If you’re residing in Manila, Makati or neighboring areas, it wouldn’t hurt to drop by the Rockwell Tent for the last day tomorrow of the Expo Espana 2007. As the title suggests, it’s a festival of all things related to Spain: there’s a basic flamenco class on Sept. 30 by Sr. Guillermo Gomez, a Spanish wine appreciation seminar by Sherwin Lao and flamenco performances galore.
I couldn’t resist dropping by the exhibits for a sampling of Spanish food, one of the cuisines I love. Spanish restos like Alba Restaurante and Gaudi were among the participants and naturellement I had a sampling of goodies like paella, morcillas (blood sausage) and gambas swimming in garlic and olive oil. A big mound of tortilla de patatas was being sold at 50 per cent off towards closing. The other dishes looked tempting: who can exclude the classic callos, pollo al ajillo (chicken in spicy garlic sauce), the ham and cheese croquetas and tuhod y batoc, described as ” stewed ox kneecap and chuck with brown sauce, mushroom and peppers.” Gotta try this one time.
In the booths, there were salchichas salchichas and more salchichas.I especially liked the chorizo in oil under the La Norenense brand. It was served tapas style and I crazily munched on it, one toothpick after another. The salesgirl likewise gave me mini-cups of the canned fabada asturiana or bean stew flavored with pork (lacon), morcilla, chorizo and seasonings. I guess this is where the Americanized version of “pork and beans” came from.The good news is that most Spanish products can now be found in Rustan’s Unimart, South Supermarket and other stores carrying foreign brands.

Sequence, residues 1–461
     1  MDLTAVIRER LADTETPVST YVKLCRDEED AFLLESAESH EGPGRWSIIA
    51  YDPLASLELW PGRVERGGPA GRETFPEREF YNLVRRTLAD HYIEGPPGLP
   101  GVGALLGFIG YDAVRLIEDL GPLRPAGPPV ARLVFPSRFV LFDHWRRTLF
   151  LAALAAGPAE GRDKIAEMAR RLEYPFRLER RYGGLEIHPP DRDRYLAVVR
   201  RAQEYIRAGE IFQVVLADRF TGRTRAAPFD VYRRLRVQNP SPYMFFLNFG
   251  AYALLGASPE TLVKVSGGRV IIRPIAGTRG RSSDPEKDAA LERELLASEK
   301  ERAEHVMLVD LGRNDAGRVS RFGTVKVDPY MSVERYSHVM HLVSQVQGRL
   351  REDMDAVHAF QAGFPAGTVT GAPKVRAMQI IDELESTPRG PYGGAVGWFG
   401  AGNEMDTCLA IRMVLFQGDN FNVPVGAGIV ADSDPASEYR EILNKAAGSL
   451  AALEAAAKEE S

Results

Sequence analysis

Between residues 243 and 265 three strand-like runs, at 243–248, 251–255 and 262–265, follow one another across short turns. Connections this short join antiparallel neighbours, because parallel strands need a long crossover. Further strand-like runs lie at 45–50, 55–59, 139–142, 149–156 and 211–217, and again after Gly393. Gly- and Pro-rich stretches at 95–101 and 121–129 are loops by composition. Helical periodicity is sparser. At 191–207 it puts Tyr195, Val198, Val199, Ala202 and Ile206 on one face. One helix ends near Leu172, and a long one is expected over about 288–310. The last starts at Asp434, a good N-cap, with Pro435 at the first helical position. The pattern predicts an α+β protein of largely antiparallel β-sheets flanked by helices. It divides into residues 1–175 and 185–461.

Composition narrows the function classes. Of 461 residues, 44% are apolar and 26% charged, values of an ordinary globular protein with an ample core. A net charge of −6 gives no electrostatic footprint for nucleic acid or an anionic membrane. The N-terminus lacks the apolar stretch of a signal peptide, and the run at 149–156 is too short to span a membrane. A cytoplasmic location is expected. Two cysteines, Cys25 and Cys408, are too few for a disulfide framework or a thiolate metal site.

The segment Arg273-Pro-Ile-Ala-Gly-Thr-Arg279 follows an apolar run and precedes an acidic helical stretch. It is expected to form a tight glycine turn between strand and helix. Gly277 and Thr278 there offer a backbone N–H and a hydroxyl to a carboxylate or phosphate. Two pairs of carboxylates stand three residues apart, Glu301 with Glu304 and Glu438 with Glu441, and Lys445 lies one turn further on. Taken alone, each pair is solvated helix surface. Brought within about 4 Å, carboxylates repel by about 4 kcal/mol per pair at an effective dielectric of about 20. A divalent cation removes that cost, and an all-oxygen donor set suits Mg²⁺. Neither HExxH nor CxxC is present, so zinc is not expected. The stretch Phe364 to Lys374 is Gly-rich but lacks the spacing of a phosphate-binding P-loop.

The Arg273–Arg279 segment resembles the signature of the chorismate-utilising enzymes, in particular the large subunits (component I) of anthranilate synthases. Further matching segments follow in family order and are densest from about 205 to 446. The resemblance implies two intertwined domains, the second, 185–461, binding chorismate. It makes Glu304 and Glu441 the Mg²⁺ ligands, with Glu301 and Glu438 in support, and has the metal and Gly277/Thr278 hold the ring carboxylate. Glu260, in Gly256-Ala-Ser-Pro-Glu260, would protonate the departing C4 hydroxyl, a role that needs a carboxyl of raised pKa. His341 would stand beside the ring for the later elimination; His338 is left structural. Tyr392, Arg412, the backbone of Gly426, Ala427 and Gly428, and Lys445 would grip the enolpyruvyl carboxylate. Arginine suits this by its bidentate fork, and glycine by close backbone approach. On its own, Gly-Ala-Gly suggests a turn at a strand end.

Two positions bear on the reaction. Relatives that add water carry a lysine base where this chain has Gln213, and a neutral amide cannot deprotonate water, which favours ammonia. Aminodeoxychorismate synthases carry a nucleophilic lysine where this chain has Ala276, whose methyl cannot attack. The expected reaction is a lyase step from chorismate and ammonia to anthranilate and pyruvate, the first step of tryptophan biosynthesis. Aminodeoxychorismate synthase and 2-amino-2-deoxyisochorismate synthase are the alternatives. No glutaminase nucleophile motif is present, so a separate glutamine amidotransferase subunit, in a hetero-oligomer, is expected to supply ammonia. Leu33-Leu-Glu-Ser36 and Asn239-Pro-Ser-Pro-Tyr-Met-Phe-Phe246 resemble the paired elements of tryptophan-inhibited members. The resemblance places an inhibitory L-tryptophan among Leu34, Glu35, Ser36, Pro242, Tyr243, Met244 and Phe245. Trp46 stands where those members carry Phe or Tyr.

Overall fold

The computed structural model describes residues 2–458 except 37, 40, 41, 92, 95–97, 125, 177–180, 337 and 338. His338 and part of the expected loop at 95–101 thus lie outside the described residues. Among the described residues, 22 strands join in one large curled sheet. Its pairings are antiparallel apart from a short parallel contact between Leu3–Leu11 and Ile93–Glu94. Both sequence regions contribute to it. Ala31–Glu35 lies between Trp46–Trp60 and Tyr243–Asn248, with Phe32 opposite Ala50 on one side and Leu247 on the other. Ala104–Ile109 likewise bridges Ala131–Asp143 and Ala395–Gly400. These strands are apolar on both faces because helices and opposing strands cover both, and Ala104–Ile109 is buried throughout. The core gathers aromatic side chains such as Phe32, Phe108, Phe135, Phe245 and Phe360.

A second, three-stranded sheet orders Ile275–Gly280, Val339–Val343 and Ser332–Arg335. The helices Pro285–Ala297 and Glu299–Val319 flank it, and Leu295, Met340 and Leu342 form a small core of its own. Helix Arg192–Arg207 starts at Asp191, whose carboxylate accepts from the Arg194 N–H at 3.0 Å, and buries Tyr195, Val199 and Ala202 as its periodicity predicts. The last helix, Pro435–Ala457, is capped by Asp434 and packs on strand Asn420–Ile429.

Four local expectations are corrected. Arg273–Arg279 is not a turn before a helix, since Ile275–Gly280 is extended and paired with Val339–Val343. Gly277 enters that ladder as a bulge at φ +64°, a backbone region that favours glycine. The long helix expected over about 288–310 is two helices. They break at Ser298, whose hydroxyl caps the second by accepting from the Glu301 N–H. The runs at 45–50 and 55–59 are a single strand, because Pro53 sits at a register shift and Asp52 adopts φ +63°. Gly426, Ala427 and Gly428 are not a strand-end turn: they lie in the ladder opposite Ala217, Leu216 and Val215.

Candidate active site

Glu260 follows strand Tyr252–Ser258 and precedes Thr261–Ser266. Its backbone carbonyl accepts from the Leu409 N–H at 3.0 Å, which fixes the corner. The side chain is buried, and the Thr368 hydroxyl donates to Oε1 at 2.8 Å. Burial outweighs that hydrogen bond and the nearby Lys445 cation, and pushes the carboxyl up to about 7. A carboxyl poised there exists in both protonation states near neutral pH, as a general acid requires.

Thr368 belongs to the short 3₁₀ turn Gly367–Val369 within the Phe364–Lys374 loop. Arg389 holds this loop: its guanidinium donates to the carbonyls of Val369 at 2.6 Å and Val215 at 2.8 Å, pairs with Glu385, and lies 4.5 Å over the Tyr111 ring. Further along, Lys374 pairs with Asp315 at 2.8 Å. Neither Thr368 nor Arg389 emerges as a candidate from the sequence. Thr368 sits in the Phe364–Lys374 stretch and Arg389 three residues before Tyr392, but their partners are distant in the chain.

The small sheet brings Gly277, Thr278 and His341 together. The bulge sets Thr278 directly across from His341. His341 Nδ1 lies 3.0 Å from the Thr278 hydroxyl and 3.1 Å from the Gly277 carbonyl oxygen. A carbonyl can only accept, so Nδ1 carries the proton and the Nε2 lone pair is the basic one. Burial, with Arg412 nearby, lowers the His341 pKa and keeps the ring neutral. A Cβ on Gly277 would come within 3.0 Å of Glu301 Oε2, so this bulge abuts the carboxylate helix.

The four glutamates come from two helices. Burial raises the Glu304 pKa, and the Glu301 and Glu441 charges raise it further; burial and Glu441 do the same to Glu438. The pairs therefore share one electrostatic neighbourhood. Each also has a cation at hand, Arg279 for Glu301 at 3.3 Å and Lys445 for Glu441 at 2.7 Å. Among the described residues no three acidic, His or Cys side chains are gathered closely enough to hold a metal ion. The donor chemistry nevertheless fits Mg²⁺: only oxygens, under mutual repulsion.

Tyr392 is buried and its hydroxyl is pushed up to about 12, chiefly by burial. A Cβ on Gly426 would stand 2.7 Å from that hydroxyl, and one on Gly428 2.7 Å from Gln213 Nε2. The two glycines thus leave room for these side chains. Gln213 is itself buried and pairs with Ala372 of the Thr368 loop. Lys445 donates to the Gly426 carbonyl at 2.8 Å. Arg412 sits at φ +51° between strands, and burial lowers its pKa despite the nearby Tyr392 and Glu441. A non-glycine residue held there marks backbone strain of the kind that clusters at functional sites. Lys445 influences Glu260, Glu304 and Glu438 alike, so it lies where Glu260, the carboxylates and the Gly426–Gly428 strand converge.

The booth of Oriental Merchants cannot be missed for they had luscious bite-sized pieces of Manchego cheese, more popularly known as aged Spanish cheese. With this kind of cheese, you either have it fresh, 3 to 6 months old (curado) or viejo (matured for one year. That’s what the label (and Wikipedia) said. I ate the cheese bits with the tinto de verano (summer wine, 3.5% alcohol) and they paired well. The amiable woman manning the counter likewise invited me to try the olives and I said “that goes well with kaldereta, right?”, after which she said it was better eaten alone “kasi sayang naman ang salmon sa loob.” Uh-oh.
So finally, after going through all the wines (pass on that one, as I find Spanish wines strong), I chance upon a display of Filipinos biscuits which come in milk, dark or white chocolate flavors. In the late ’90s, the biscuits posed a diplomatic problem after the Philippine government filed a protest on the use of the word “Filipinos” to refer to something dark. This entry from Wikipedia says: “The protest was filed despite Foreign Secretary Domingo Siazon’s initial reluctance on the matter. Siazon had reportedly said “he saw nothing wrong with the use of ‘Filipinos’ as a brand name, noting Austrians do not complain that small sausages are called ‘Vienna sausages.”
Obviously nothing happened because Filipinos happily exists up to now. But that’s history for you 😛
Filipinos is distributed in the Philippines by Barcino Gourmet
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